One month ago, a popular rumor suggested that Jeep would soon be the only Chrysler brand sold overseas. Now, a contradictory bit of gossip says that Chrysler/Fiat CEO Sergio Marchionne may ditch the Lancia nameplate and sell those vehicles in Europe as Chryslers. There's also talk of potential integration between Chrysler and the underperforming Alfa Romeo brand -- or possibly letting Alfa go to seed.
On the Lancia front, Marchionne's plans clearly center on his goal of increasing Chrysler's international prominence. During a recent interview, he said, "There is no doubt that, outside a limited number of markets in Europe, Chrysler is going to be the global brand [of Chrysler/Fiat]". He went on to say that "We need to be very careful that we don't destroy Lancia's roots, to find a way to preserve the identity of Lancia through an agreement that commonizes as much of the portfolio as possible [with Chrysler]".
It's doubtful that Marchionne would do away with the Lancia nameplate altogether. The marque has strong recognition in certain European markets, especially in its home country of Italy. That means some kind of delicate compromise must be reached.
The simplest option would be to keep the Lancia badge alive in those countries where it sells well -- Belgium, France, and Italy being the brand's largest markets. Chrysler models like the upscale Chrysler 300C sedan could be sold alongside them. Another option would be to make Lancia an upmarket sub-brand of Chrysler, or possibly a select range, much as Abarth is to Fiat.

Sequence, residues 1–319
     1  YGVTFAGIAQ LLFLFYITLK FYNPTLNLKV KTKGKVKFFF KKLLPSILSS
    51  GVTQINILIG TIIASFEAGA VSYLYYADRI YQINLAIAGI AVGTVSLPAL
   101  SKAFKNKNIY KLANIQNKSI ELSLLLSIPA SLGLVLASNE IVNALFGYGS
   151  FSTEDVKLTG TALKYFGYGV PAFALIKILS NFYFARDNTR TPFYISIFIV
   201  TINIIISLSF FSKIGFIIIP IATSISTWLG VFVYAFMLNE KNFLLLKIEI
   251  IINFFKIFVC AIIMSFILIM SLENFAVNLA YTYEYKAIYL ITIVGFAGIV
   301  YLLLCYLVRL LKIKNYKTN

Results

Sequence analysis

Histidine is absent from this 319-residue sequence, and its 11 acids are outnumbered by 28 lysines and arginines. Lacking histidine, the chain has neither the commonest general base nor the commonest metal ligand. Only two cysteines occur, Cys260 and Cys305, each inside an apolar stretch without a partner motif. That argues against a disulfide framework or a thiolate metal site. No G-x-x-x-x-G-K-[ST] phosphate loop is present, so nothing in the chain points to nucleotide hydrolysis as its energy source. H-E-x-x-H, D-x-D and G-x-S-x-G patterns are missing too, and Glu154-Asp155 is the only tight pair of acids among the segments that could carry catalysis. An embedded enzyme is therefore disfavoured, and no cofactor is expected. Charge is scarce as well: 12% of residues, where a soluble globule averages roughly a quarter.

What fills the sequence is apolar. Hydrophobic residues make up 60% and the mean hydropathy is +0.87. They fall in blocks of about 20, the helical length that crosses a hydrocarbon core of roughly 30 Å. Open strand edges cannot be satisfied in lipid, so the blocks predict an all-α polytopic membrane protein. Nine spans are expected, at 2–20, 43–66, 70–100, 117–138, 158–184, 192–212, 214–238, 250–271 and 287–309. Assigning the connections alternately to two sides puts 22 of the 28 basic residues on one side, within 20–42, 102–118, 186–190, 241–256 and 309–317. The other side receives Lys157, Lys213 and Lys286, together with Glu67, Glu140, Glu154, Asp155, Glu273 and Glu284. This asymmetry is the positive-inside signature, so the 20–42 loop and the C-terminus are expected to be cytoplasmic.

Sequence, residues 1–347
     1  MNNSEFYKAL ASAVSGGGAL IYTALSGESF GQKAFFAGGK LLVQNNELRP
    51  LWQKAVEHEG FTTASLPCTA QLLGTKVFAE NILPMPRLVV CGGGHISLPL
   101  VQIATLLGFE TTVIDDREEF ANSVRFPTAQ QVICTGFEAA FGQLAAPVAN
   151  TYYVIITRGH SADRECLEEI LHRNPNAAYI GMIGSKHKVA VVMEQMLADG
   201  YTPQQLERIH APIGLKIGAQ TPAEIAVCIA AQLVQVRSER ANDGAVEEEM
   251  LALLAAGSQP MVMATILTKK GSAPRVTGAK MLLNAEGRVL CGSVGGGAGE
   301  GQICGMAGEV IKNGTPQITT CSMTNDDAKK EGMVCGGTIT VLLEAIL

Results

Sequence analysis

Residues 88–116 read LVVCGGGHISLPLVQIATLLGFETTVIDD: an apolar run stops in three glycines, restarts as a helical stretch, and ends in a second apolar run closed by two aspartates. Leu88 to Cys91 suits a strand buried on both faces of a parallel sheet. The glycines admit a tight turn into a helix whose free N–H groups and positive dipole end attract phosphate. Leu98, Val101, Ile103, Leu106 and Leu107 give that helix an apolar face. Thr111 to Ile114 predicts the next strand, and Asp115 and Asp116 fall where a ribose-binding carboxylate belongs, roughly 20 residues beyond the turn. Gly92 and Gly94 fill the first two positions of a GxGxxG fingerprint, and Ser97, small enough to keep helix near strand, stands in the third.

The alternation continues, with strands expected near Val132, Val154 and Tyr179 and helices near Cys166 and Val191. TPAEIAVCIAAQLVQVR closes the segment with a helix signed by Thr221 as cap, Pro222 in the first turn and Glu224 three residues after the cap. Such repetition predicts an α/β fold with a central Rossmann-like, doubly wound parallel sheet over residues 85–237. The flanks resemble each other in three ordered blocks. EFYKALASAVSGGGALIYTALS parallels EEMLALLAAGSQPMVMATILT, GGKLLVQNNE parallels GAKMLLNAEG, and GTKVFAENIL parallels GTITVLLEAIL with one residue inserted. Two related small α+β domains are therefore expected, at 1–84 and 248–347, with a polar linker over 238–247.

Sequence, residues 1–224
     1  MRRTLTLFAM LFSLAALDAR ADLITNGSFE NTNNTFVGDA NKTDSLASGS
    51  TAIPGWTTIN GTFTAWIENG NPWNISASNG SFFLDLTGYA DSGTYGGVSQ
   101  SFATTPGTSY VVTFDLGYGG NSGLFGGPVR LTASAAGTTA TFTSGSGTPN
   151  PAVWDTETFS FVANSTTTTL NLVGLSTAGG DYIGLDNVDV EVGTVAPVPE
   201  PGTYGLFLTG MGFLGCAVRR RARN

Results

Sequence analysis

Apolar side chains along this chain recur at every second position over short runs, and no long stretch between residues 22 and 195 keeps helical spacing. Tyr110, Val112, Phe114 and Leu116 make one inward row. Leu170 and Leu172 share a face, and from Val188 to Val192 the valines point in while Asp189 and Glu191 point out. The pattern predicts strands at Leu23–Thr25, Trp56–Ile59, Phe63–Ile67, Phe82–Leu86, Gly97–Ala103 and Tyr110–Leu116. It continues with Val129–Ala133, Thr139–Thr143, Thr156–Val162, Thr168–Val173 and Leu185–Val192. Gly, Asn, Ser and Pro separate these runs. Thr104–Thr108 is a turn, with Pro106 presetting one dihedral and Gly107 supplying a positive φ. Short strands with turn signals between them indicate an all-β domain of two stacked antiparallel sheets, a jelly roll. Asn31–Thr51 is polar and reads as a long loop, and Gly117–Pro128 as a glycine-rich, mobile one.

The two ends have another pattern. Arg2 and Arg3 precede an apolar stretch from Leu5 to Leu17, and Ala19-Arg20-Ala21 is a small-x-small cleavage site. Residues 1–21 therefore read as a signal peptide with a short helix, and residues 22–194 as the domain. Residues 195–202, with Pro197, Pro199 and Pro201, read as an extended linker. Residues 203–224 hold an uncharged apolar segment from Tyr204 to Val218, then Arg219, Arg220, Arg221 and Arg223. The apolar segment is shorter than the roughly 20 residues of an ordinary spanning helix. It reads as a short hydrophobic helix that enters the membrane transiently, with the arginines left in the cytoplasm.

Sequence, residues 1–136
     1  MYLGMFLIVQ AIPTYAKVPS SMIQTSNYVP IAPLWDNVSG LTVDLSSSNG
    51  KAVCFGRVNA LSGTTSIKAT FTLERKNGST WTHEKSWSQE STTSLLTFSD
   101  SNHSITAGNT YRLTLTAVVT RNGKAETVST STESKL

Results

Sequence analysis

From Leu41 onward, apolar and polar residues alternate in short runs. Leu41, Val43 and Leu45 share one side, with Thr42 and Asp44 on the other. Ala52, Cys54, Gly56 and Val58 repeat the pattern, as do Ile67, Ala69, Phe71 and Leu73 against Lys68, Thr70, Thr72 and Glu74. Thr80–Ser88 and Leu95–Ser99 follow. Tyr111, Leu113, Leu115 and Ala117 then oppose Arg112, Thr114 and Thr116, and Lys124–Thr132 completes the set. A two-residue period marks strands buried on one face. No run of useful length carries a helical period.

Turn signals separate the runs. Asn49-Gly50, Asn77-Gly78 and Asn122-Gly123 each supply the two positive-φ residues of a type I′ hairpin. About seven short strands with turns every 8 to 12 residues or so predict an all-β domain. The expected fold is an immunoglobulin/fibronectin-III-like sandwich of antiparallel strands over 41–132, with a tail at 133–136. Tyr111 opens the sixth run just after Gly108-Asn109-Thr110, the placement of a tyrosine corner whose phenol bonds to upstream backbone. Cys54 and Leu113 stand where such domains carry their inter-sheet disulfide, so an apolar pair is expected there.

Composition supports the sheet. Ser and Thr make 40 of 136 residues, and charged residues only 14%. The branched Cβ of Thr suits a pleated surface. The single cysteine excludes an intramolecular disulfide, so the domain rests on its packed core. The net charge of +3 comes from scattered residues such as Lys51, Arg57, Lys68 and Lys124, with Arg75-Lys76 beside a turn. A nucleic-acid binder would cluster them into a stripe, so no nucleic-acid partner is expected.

Whatever route Marchionne & Co. take, they aren't likely to make any firm decisions until they see how new Chrysler versions of the 300C, the Sebring, and the Voyager fare in Europe. A final decision on the future of 103-year-old Lancia is expected by the end of 2010.
On the Alfa Romeo front, Marchionne has ordered a complete evaluation of the high-end brand, which has seen sales tumble nearly 50% since last year. Depending on the results of the assessment, Alfa could (a) continue as-is, (b) integrate more closely with Chrysler technology, or (c) be forced to support itself.